; Curro School’s future on a knife-edge – The Citizen

Curro School’s future on a knife-edge

Gauteng education MEC Panyaza Lesufi  in a classroom during his vist on 2 February 2015 to Curro Roodeplaat School which is accused of segregating pupils according to race. Picture: Christine Vermooten

Gauteng education MEC Panyaza Lesufi in a classroom during his vist on 2 February 2015 to Curro Roodeplaat School which is accused of segregating pupils according to race. Picture: Christine Vermooten

There is a very real chance that Curro School in Roodeplaat, north of Pretoria, could lose its licence following a second incident related to racial segregation.

DID YOU MISS: Curro caught in racial furore again (Video)

Video footage went viral yesterday, showing pupils from the school being racially separated during a field trip. This has once again left the school sitting on a knife-edge.

Following the video, Gauteng MEC education Panyaza Lesufi visited the school yesterday

afternoon indicating there was a chance that the school’s licence could be revoked.

Lesufi added that he would impose nonracialism at the school which had now proven to be a

serious offender in “upholding racism”. He added that decisive action would therefore be taken.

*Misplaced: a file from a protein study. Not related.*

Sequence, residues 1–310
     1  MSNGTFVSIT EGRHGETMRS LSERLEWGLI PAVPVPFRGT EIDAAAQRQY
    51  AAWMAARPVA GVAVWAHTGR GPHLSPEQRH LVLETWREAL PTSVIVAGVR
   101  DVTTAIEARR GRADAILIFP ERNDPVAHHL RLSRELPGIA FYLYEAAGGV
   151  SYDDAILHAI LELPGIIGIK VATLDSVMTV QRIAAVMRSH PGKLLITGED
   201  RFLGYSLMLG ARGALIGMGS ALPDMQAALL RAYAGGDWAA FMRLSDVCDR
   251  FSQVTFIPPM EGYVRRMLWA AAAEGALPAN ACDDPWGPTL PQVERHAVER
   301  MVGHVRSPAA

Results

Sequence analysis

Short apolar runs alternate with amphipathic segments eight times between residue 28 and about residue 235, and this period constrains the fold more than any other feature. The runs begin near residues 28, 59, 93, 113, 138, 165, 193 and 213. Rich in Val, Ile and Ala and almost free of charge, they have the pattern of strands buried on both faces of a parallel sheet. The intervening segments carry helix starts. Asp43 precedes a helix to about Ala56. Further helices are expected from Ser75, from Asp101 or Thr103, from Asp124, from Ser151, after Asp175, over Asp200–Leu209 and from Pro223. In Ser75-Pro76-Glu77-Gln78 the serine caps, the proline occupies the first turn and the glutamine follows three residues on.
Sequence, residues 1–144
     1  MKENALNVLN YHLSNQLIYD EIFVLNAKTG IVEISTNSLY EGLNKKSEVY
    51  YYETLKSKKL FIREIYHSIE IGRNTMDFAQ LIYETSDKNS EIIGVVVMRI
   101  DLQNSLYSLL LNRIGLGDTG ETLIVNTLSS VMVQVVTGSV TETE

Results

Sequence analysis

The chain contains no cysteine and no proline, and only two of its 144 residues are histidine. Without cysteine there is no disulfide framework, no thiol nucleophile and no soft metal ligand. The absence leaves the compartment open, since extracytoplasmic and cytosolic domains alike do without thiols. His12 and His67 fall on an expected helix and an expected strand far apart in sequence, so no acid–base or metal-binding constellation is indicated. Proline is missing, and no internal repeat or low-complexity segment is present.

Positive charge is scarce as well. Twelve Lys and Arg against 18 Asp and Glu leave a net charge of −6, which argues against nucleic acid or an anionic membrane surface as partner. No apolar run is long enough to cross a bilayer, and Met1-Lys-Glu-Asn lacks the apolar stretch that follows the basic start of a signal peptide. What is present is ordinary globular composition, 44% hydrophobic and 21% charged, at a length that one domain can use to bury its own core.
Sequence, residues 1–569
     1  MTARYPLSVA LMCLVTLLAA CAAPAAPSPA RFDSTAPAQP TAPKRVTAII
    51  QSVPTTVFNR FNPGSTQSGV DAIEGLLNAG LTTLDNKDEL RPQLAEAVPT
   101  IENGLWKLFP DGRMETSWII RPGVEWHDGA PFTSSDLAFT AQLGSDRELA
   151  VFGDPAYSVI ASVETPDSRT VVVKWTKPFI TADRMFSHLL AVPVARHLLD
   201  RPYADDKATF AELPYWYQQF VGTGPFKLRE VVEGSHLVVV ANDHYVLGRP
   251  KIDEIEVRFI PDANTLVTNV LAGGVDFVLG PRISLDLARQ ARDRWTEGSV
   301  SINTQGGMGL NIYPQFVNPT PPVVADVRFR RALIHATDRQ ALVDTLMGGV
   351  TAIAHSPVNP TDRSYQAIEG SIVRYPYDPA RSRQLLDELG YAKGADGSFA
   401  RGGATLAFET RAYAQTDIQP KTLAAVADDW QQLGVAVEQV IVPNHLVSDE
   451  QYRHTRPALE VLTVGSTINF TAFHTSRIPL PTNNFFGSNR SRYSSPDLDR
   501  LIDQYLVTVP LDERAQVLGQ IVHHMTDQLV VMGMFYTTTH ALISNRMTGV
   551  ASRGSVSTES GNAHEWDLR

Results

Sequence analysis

Lesufi’s visit to Curro came just less than a month after he found it guilty of racial segregation in a separate incident. In that incident, pupils were separated in the classroom based on their race.

The school had acknowledged and apologised for this mistake.

In explaining the latest incident, Curro Holdings spokesperson Gerhard Cloete said the reason for grouping pupils was because Curro schools offer all its pupils the choice of being taught in English or Afrikaans.

“In a classroom in which the language of instruction is Afrikaans, the overwhelming majority will be white students,” Cloete said. “In a classroom in which English is the language of instruction, the vast majority will be black pupils.”

But Lesufi deemed the “explanation” to be “disgusting” and an “insult to the the constitution”.

“The day that we separate pupils on the basis of their own language will be a sad day. If we allow that, we are risking our country. There is no way we should tolerate an explanation that undermines the ethos of our constitution.”

A team from the provincial department of education, under the instruction of Lesufi, compiled a report following these fresh allegations of racial segregation.

“On the basis of the report, I’ve prepared a letter for Curro management. Because of the seriousness of the contents of that letter, I have to consult the ministry of basic education and the investors of Curro so they understand why I’ve taken the decision I have,” said Lesufi.

Parents and teachers are also waiting to hear the content of what is said to be a damning

report. The school has about 950 children of whom about 80% are black. – valeskaa@citizen.co.za

 

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